Best Cheap Acoustic guitar
The Taylor GS Mini
Note that a "cheap" acoustic guitar does not necessarily mean a "beginner" acoustic. The Taylor GS Mini is cheap, but can fit a wide range of skill levels and playing styles. It's one of our top recommendations overall and a fantastic value. It's more of a balance of low price and high quality. If you want something that focuses more on a lower price, take a look at the Yamaha FG800
In this article we're rounding up a few of our favorite cheap acoustic guitars, meaning guitars that are between the price points of $200 and $600. Any lower than $200 and you get into some serious quality/value concerns, and above $600 you start to lose most people when it comes to their definition of "cheap."
Between $200 and $600
Thus, it's important to mention that these are not simply the cheapest guitars available. That would be easy to find and, frankly, unhelpful. It would also probably involve Walmart, which is terrible to think about. These are guitars on the cheaper end of the spectrum that are both really popular and really nice. They give you value for what you pay and are worth the small investment required to own each one.
Read more: Best acoustic guitars overall
How We Chose the Best Cheap Acoustic Guitars
So how exactly did we chose the best cheap acoustic guitars?
It's important to point out that our own personal experience and testing of guitars plays a major role in the guitars we choose to highlight. If we haven't gotten our hands on one, or communicated with someone who has, we typically don't recommend an instrument.
Otherwise, we're looking for community popularity, a good record of third party reviews, and a few distinct features.
Which features matter most?
Primarily we're looking at the following features in each cheap acoustic guitar:
- Top tonewood (solid is preferable)
- Electronics and pickup system
- X-bracing and route relief
- Quality tonewood on back and sides
All of these features should matter, even when we get down into cheaper acoustic guitars. We'll address them in the four guitars we've chosen.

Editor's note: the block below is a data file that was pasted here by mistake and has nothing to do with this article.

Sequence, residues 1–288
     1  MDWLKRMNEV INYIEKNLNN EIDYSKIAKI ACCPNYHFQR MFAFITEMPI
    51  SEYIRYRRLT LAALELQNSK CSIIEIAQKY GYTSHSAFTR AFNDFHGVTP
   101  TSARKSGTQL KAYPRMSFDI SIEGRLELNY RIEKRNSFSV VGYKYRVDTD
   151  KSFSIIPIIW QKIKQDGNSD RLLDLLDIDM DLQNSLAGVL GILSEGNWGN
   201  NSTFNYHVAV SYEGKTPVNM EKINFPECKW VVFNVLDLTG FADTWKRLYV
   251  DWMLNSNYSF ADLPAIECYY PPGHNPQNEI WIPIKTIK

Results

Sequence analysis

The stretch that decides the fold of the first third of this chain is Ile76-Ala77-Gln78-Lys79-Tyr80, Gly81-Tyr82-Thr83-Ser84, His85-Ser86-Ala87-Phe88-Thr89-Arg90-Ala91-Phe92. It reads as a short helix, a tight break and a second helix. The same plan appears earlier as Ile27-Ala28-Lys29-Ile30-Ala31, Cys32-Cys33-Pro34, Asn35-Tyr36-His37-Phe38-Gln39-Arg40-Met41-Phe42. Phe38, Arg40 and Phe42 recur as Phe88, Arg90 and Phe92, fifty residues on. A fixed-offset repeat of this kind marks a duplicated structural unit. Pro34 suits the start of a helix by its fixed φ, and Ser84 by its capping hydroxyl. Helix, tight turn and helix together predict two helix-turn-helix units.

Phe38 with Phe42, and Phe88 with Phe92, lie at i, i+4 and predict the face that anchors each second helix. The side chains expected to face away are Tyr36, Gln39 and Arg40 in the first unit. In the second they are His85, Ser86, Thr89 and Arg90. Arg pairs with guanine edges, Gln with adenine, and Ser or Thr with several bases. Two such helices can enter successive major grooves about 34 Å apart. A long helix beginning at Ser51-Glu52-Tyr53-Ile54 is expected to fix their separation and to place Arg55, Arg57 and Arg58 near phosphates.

Best Cheap Acoustic Guitars (our top picks)
Use the compare buttons in this table to view pricing and basic specs of the four guitars we've recommended. You can also use the Sweetwater links for more information on a particular guitar.
Taylor GS Mini
Martin LXK2 Little Martin
Compare More Acoustic Guitars
If you want to add more acoustic guitars to the comparison bar at the bottom of this page, you can launch the search box and add them here. We don't have everything, but we have a lot, including most of the major brands and popular models. We're also adding to it regularly.
We link to products on Sweetwater that help support our site and keep the lights on. If you click through our orange buttons, we might earn a commission at no extra cost to you. Thank you all for your generous support over the years! ~ Bobby and Danielle
1. Taylor GS Mini
Of the four cheap acoustic guitars recommended, the Taylor GS Mini is the least cheap, but is probably the nicest of the four. You have several different tonewood flavors to choose from, including Spruce, Koa, Mahogany, and Rosewood, though all versions of the GS Mini have a solid top. It produces a bright and brisk tone, which is melodic and responsive to fingerpicking, though there's a warmness to the resonance as well. The GS Mini is a great couch guitar that can also handle gigging and recording duties. It's easily one of our favorites in this price range.
The Ideal Fit
For those willing to spend a little more, the GS Mini can handle a wide range of skill levels and musical duties. Everything from bedroom jamming to semi-pro level recording jobs is fair game.
Read the full review: Taylor GS Mini
IDEAL FOR: Everything, but especially melodic, right-hand focused playing styles.
- Lots of tonewood combinations to choose from
- Tone sounds both bright and warm, striking a nice balance
- Perfect for melodic styles and fingerpicking
- For a Taylor with a solid wood top, the price point is golden
- Pickup/preamp is included
- Not much to complain about for the price
2. Taylor BT2
The smaller and far cheaper (at least cheaper than the GS Mini) Taylor BT2 is a 3/4 scale acoustic that comes in an electronic and non-electronic version. It's smaller than the GS Mini and would certainly be well suited for those wanting to avoid the full dreadnought design in favor of something smaller. Surprisingly, you still get a solid top which is a sheet of Mahogany that gives you a large and full tone profile. It doesn't sound quite as good as the GS Mini, but it's definitely in the conversation.
Who is it ideal for?
If you like the smaller size, that's the real benefit of the BT2. The 3/4 scale body is easy to hold and even feels better when you're standing and playing. For those wanting the small guitar with more travel and even performance flexibility, we like the BT2.
Read the full review on Medium: Taylor BT2
IDEAL FOR: Those looking for the small 3/4 scale size, kids, beginners, practice, and travel.
- Mahogany top is a solid piece of wood (surprising in this price range)
- Version available with or without Taylor ES-B
- Great for kids, beginners, and travel
- Easy to hold sitting down or standing up
- Tone is a little weaker than the GS Mini
3. Yamaha FG800